Of course, the flip side of this is that because the vote is weighted and the governing party is (probably) over-represented thanks to the vagaries of FPTP, that party, in theory at least, would have to work harder to accommodate the interests of other parties in order to ensure its survival, even when in a majority government situation, as I will demonstrate below.
I’ve used the results of the 2011 election, which resulted in a majority Conservative government and the vote on the 2012 Budget motion (Bill C-38) as examples of DPR under majority government conditions.
Election outcome and resulting weighted vote:
|Party||% Popular Vote
|% of Seats Won||Weighted Vote|
Vote on 2012 Budget Motion:
|Actual Vote||DPR Vote|
*There were two Independents, one who was elected as a Conservative, and who voted for the budget, the other was elected under the NDP banner and who voted against the budget. Since they weren’t elected as independents, I included them in the totals of their original parties.
As you can see, under a weighted vote, the budget would have been defeated, and the since that is a confidence vote, the government would have had to resign.
Mr Johnson posits that parties would have to qualify in order to be included on the ballot, but doesn’t elaborate:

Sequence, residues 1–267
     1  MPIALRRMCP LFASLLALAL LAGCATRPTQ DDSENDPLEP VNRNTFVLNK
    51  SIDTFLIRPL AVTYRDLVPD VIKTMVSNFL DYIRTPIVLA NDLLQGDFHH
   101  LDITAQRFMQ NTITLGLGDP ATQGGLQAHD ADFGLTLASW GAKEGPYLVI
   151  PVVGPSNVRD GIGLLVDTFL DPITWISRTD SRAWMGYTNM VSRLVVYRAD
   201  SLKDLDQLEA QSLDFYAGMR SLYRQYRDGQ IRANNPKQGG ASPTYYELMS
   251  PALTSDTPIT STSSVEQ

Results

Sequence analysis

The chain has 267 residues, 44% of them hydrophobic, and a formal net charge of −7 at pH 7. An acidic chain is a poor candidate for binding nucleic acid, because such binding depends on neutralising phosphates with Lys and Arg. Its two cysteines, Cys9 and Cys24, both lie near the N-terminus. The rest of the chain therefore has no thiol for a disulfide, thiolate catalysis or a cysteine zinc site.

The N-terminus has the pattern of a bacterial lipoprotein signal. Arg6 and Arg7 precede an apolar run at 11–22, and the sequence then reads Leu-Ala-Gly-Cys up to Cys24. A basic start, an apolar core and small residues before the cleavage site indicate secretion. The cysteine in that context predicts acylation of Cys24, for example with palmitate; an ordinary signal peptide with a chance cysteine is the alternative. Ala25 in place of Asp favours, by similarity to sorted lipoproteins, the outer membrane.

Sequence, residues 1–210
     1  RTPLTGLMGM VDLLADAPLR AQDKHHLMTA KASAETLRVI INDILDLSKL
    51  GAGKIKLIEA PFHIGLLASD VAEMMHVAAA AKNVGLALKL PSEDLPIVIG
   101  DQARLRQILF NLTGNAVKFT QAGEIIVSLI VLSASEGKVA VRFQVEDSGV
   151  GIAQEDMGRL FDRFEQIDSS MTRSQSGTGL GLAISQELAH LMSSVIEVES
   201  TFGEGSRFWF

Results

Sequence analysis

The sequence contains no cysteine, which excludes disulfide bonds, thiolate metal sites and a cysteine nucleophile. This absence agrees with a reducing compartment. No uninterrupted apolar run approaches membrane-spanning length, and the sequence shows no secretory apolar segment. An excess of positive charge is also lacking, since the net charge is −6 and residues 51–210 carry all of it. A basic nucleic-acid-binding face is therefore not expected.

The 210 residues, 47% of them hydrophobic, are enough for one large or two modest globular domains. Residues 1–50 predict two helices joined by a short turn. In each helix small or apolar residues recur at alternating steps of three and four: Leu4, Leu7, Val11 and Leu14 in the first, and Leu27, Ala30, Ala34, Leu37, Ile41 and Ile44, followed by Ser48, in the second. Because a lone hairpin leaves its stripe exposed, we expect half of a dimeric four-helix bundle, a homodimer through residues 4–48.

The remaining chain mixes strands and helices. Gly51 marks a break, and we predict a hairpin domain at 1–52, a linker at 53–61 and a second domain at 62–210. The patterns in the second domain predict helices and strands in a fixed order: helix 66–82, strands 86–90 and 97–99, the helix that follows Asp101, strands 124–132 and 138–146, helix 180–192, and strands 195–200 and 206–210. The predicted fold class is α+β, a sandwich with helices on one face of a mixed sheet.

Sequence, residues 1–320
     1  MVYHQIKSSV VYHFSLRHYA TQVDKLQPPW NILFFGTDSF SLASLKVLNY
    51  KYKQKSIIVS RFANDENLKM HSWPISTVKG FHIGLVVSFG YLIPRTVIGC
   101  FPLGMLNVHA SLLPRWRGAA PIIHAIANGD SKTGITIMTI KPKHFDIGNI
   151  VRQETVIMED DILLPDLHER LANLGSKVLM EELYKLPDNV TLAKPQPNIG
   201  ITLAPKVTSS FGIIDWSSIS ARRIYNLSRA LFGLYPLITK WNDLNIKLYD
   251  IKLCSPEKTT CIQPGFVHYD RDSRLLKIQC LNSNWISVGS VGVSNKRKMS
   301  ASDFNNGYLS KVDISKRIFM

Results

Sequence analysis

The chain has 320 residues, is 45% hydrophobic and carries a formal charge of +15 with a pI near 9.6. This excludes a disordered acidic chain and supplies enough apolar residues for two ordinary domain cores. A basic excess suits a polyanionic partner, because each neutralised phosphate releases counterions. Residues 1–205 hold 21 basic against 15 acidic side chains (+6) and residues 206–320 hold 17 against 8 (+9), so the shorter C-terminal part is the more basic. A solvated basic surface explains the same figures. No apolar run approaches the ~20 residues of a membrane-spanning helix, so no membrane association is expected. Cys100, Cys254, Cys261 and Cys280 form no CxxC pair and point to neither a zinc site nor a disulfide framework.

conditions for Party qualification is not inherent to the system and would be a matter for separate debate. The process of qualification could be regional or national and might, for example, require a number of signatures to be obtained across a number of different constituencies.
I am not certain how parties are recognized in the UK, but since Canada’s Elections Act already has a well-established process for registering parties, this caveat probably wouldn’t have to apply in Canada. Mr. Johnson’s goal here is to limit the number of smaller parties participating in each election. I don’t think this is good thing since limiting peoples’ democratic choices is not something I am prepared to do. I would strongly resent it if someone tried to disenfranchise the party I prefer, therefore I would not want to dictate which parties other people are allowed to vote for.
Mr. Johnson’s proposal is certainly interesting, but obviously completely untried. I can’t see any government willingly adopting a completely unknown and untried voting system. It also does little to address some of the major failings of FPTP, despite Mr. Johnson’s claims to the contrary. Still, it’s always good to see people challenging the status quo with new and innovative ideas. Kudos to Mr. Johnson for the effort!
(Note: you can read far more about DPR on Mr. Johnson’s site (link at beginning of this post). He includes charts comparing DPR to other electoral systems, among other things. I’m certain he’d appreciate any feedback you might care to offer. He has also written a follow-up post for this blog addressing some of the issues raised in this post: Part 1, Part 2.)